I read somewhere that Christians shouldn't make New Year's resolutions. I don't remember who wrote it or what the reasoning was behind it because it was so outside the realm of the way I think that I couldn't process it. No less an authority than Jonathan Edwards made resolutions -- he ended up with seventy -- and whether or not they were "New Year's" resolutions is not exactly the point. The point is to consciously set goals and to assess (and reassess) where one is with regard to those goals. So if you want to set "birthday resolutions" or "Labor Day resolutions," it's all good. The important thing is to have intentions and goals and objectives and to remind yourself regularly of the things you say you mean to accomplish. You need to walk the talk. (I need to walk the talk.)
I need no one to persuade me that resolutions are valuable. I am a resolution maker from WAY back. I think if you never make a resolution there is something a little bit off about you. Surely you don't imagine that you've achieved a level of perfection that is so near the ultimate that you don't have anything in your life you'd like to change. And resolutions don't have to be about becoming a better person -- they can be about checking items off of a to-do list, too.
Anyway -- here are mine. I always think there should be more, but this is what I've come up with for now.
1. The Spiritual Stuff
- My prayer life is a perpetual resolution and I think it always will be. I want to pray better, more consistently, more fervently.
- Related (but different): in James 4 we're told that we don't have because we don't ask. In Ephesians 5 we're told to be "filled with the Spirit." In Luke 11 Jesus tells us to ask -- repeatedly. So here's what I want: I want more of God. I want to be willing to accept his gifts, to be open to them, and to use what he gives me to bring him glory and honor. I want to understand in a visceral way that he is my exceeding great reward. I want to love him more, trust him more, think of him more.
- I want humility. This is my besetting sin: thinking more of myself than I ought to think and thinking more of myself than I do of others.
2. The Health Stuff
- Fire up the ol' low-fat, whole-foods, plant-based diet. It works for me when I let it.
- I need to head back to the gym at least three times a week; bonus points if I go four. My Fitbit died, but I'm going to ask for one for my birthday. That's not until July, but July will come.
- Get control of my sleep schedule. This is the resolution most likely to fail, I am afraid. I try and I try and I try and I fail and I fail and I fail. I love the nighttime. I'll be tired and draggy all afternoon and evening and around 10:00 I get a surge of energy. It's annoying and frustrating.
- Bring a salad to work (three times a week). Because I don't get to bed until 3:00 I sleep until 11:00. I get up to be at work by noon and I don't usually have time to eat breakfast (and I don't usually feel like it). I bring nothing to work...so around 3:00 I'm starving. And I eat junk. I need to be proactive about this -- a salad is the way to go.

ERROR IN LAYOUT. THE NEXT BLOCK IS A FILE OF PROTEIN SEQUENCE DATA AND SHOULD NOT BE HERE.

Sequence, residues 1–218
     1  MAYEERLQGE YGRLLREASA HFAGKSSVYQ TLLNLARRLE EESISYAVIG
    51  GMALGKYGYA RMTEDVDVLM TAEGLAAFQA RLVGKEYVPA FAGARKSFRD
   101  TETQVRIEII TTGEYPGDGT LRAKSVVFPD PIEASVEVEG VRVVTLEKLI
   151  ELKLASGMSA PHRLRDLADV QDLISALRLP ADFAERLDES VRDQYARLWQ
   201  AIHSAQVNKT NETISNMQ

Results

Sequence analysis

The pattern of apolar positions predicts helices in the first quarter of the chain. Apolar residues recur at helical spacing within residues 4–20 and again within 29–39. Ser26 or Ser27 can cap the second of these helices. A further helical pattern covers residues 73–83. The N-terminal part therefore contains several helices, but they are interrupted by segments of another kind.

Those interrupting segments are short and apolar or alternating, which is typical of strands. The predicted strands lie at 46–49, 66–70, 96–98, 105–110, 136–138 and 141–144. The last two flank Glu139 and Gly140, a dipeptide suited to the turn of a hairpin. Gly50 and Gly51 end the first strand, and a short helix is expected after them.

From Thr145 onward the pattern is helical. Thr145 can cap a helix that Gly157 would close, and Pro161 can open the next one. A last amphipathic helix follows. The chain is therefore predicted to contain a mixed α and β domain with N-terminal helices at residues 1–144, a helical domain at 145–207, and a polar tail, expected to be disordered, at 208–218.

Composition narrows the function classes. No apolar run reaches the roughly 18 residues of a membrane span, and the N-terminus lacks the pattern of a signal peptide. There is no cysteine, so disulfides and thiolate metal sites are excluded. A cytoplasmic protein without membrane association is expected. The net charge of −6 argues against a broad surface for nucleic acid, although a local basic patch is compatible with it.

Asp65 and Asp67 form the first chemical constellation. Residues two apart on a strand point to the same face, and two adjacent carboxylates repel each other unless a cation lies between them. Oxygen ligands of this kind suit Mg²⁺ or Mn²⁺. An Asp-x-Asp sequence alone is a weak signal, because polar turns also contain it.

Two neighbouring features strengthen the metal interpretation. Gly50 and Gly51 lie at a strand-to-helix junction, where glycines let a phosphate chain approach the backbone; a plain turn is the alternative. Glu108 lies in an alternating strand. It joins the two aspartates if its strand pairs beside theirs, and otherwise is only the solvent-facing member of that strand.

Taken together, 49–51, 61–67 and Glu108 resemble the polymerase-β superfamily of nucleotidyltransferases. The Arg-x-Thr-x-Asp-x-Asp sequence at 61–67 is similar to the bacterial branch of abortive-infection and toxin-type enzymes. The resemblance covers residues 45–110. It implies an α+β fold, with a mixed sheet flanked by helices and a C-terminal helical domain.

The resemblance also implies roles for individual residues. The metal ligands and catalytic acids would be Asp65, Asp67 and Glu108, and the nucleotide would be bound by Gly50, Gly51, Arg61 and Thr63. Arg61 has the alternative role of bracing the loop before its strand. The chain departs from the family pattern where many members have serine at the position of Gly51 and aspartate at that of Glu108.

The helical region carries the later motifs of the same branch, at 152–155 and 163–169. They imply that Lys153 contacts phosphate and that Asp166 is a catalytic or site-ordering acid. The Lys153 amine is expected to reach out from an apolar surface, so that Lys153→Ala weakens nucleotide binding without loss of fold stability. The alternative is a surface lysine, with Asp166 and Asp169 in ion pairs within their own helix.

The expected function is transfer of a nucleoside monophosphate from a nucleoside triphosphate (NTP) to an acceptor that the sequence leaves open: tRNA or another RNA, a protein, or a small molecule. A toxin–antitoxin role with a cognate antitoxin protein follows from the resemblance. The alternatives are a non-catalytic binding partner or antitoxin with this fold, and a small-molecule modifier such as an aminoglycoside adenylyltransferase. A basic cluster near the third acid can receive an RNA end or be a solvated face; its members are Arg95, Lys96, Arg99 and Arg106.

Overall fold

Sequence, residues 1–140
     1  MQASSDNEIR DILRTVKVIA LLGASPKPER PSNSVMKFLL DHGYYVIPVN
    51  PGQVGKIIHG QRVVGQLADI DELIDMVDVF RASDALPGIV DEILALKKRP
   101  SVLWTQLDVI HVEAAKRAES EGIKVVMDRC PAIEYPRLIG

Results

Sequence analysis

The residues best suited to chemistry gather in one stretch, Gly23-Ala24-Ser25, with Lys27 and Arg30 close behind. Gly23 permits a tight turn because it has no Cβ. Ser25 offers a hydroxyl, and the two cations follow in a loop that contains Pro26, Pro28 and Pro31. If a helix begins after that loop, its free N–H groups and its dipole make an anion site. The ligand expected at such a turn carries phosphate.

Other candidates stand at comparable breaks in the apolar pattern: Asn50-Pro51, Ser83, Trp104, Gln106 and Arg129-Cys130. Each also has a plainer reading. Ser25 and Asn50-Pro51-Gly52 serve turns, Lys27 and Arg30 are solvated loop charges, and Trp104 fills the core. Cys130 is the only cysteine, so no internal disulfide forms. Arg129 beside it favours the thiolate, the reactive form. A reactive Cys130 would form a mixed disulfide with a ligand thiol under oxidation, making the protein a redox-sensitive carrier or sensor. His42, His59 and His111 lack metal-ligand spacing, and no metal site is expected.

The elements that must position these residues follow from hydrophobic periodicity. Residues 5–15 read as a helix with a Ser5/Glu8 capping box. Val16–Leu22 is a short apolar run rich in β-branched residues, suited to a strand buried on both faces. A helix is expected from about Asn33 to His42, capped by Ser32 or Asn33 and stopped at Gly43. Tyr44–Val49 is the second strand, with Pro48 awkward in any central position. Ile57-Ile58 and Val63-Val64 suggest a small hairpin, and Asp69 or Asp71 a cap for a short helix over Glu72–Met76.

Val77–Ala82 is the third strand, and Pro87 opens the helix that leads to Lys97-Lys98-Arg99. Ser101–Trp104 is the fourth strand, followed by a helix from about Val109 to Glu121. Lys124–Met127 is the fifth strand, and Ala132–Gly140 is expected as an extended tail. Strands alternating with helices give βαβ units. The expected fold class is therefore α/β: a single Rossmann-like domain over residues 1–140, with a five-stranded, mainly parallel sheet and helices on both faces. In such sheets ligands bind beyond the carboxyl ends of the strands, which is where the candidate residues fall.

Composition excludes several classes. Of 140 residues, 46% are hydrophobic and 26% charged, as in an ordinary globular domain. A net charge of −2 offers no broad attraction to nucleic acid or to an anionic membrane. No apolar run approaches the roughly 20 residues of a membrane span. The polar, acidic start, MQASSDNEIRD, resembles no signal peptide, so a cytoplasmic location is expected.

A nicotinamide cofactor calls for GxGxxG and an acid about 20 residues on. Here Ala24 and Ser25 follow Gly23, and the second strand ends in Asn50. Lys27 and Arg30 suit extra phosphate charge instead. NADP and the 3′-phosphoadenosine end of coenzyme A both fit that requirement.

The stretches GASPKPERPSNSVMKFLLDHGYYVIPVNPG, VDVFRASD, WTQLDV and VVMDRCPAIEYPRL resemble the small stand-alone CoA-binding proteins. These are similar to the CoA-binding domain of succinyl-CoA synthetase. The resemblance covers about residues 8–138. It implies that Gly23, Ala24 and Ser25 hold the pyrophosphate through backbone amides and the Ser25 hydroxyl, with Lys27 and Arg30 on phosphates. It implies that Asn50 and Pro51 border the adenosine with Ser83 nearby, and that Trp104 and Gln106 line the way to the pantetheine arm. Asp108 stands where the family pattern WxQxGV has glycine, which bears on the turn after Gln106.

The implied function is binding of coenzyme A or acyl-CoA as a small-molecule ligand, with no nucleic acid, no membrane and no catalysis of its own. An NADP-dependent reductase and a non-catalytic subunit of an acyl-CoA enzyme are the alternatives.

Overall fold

3. The Mind Stuff
- Learn Latin. I got a book a couple of years ago. I just need to do it.
- Work on my own personal reading challenge (I posted it on Facebook; basically it involves finishing Proust, starting John Frame's A History of Western Philosophy and Theology, and reading the Book of Common Prayer).
4. The Rest of the Stuff
- Finish my online course in lettering (faux calligraphy). I signed up (and paid) for this course over a year ago and only did the first lesson.
- A few years ago I spent a ridiculous amount of money on a cordless Dyson vacuum (which I love -- as much as one can love a vacuum, anyway). It won't clean the whole house on one charge, but it's so light and quick that if I did a little every other day my house would stay clean with minimal effort. Stella seems to be in perpetual shed-mode, so this really needs to happen.
- Blog more. And here we are.
- Implement the recommendations in Tim Challies' Do More Better. This is a book, broadly, on time management/productivity. It was the first or second book that I read for my challenge in 2017 and I kind of brushed it off because I didn't feel like I needed it. I started working last summer, though, and even though I'm not sure why that made such a big difference in my life (as far as remembering where I need to be and what I need to do), it has. Challies' advice (helpfully given from a Christian perspective) centers around three technological tools: a time management tool (like Todoist, Wunderlist, etc.), a scheduling tool (like Google Calendar, Outlook, and others), and an information tool (like Evernote, OneNote, and so on).
- Set up my office. Painting, filing, furnishing -- it's a whole thing.
So that's it. Fourteen goals for 2018 (I should come up with four more...).